Chapter 16: Information about Quinn’s past keeps evolving as the series progresses. How do you decide what to reveal when?
Atkins: At five novels, the series is truly expanding, not just with Quinn and his family, but with Tibbehah County itself: the geography, the history of its people, and how that has lasting effects on its modern life. (Much of that is in The Forsaken.) I obviously know a lot more about Quinn and his family history than I’ve told readers. What’s parceled out really depends on the story I’m trying to tell. No one wants to know everything at once. If they did, they’d quit reading, and I’d be out of a job. I can promise you there is a lot more to learn about Quinn and his family, going back to the founding of Tibbehah County.
Chapter 16: In their respective books, Jack Reacher has coffee, Stone Barrington has Knob Creek, and Quinn Colson has an expensive cigar. What is the appeal of Cubanas to you and the Mississippi sheriff?
Atkins: Most military folks I’ve had the pleasure to know are addicted to coffee and some form of tobacco. Many U.S. Army Rangers love chewing tobacco—a common trait. But for Quinn, black coffee and cigars are the perfect match while on patrol in Tibbehah County. This may be the only characteristic I share with Quinn. He wakes up far too early for this writer.
Chapter 16: In previous interviews you have described how being a devoted reader of Robert B. Parker prepared you as a writer. Who are you reading today?
Atkins: So many wonderful writers out there right now. As far as those working today, I’d put on my shelf anything by David Joy, Megan Abbott, Daniel Woodrell, C.J. Box, James Lee Burke, Don Winslow, Robert Crais, Martin Clark, Pete Dexter, and Peter Guralnick—really looking forward to that Sam Phillips book. I lament that there won’t be any more novels by Elmore Leonard. He was my personal hero.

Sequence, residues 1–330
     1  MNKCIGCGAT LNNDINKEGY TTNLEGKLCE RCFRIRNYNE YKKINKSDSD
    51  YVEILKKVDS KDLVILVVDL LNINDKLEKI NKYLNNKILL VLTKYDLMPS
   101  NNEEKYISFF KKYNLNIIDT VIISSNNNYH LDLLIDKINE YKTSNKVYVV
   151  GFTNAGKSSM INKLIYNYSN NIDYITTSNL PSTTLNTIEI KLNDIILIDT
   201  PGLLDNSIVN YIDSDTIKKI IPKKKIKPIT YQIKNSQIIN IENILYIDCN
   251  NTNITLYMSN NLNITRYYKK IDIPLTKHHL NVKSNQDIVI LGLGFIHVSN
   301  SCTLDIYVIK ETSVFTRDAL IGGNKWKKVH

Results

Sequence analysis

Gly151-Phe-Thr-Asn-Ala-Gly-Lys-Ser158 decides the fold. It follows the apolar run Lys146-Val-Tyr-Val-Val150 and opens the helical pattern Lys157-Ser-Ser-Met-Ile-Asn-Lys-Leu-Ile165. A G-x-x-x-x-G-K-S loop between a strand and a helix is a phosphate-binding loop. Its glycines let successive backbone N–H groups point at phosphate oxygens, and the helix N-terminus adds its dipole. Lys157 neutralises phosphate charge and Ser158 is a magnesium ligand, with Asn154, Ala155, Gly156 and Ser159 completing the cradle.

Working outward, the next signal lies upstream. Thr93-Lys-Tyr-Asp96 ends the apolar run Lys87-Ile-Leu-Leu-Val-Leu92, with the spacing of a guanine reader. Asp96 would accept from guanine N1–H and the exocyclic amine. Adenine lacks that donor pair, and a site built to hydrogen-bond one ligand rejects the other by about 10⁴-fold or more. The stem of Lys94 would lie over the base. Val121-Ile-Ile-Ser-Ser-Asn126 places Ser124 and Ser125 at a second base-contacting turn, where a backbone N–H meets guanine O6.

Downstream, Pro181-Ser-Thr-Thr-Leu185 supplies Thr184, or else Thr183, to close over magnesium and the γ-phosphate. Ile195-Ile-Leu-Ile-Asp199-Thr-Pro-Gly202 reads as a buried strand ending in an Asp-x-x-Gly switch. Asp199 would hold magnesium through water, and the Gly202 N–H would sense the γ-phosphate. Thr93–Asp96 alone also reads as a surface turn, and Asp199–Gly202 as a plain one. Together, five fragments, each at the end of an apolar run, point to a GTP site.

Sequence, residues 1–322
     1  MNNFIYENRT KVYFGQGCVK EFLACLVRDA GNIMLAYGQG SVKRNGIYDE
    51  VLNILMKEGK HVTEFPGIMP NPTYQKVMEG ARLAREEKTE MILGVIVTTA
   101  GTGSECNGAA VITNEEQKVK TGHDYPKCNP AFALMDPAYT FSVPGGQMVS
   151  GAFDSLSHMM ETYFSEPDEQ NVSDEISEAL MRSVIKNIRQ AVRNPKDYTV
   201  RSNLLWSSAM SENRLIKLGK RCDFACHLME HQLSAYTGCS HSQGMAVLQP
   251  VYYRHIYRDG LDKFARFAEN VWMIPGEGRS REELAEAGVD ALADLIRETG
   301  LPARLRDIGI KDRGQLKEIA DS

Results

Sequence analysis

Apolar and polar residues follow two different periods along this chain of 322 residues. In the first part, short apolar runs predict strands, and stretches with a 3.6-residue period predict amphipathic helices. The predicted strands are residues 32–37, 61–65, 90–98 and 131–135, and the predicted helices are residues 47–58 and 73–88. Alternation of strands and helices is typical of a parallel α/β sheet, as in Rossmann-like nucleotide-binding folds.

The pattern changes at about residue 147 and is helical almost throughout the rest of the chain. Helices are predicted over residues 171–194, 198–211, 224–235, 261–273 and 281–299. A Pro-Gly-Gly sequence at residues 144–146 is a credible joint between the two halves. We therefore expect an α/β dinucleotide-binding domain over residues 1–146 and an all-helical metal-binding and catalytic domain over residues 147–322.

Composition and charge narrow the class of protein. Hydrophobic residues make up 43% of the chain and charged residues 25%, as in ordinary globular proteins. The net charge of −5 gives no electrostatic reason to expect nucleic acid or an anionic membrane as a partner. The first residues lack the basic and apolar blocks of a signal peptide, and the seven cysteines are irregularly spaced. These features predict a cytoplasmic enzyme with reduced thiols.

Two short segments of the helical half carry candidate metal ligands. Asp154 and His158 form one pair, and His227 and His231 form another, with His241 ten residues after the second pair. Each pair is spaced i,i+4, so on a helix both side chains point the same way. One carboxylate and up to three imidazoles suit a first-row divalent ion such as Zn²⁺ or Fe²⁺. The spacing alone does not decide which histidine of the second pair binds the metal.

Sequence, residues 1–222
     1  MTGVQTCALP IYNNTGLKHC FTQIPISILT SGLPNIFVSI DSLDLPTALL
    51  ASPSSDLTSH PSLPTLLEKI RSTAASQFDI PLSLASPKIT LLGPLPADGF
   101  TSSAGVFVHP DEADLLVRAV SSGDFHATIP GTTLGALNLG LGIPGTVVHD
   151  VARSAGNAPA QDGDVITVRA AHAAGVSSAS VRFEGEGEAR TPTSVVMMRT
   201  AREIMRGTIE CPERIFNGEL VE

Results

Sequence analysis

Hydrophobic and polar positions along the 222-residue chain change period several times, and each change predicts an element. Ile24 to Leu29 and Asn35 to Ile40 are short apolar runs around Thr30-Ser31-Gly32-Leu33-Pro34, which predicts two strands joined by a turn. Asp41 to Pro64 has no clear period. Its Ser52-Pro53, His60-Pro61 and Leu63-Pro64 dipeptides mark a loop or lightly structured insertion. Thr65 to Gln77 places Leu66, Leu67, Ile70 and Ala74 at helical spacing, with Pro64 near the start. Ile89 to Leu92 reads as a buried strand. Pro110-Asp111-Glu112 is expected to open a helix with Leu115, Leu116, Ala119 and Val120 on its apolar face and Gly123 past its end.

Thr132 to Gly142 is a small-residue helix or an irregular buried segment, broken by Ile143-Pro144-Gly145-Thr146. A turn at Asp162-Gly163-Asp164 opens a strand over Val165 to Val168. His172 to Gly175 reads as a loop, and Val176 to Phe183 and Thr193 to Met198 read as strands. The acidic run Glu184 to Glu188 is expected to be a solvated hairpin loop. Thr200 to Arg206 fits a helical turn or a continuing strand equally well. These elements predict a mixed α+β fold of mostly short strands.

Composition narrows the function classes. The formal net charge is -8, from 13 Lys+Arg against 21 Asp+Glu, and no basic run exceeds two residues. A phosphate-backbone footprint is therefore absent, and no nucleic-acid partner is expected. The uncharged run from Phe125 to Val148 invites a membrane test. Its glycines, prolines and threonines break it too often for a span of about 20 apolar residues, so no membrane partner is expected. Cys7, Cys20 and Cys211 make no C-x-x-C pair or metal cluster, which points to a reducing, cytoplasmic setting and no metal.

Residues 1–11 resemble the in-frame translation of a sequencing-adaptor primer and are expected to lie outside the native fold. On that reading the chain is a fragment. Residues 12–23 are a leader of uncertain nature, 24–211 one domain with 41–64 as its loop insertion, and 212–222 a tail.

Chapter 16: You write two crime series with very different protagonists. How do you balance the two and keep both fresh?
Atkins: I must write one at a time with very little overlap. I can speak both languages—deep South and deep Boston—but I can’t do both simultaneously. When I write Spenser, I have to really spend a lot of time in Boston and tune my ear. Down here, it’s pretty much natural and all around me. I get stories and characters everywhere.
Chapter 16: When will we see Colson on the big screen?
Atkins: Hopefully soon. The Ranger has just been optioned by veteran Hollywood director Jeremiah Chechik. I’m writing the script. He’s already been down to kick around North Mississippi and check out locations. I’ve turned him onto some music from Fat Possum Records in Oxford. If it happens, I hope it’s shot in the Mid-South. You can’t fake Memphis or North Mississippi life. We got that true grit!
Michael Ray Taylor teaches journalism at Henderson State University in Arkadelphia, Arkansas. He is the author of several books of nonfiction and coauthor of a forthcoming textbook, Creating Comics as Journalism, Memoir and Nonfiction.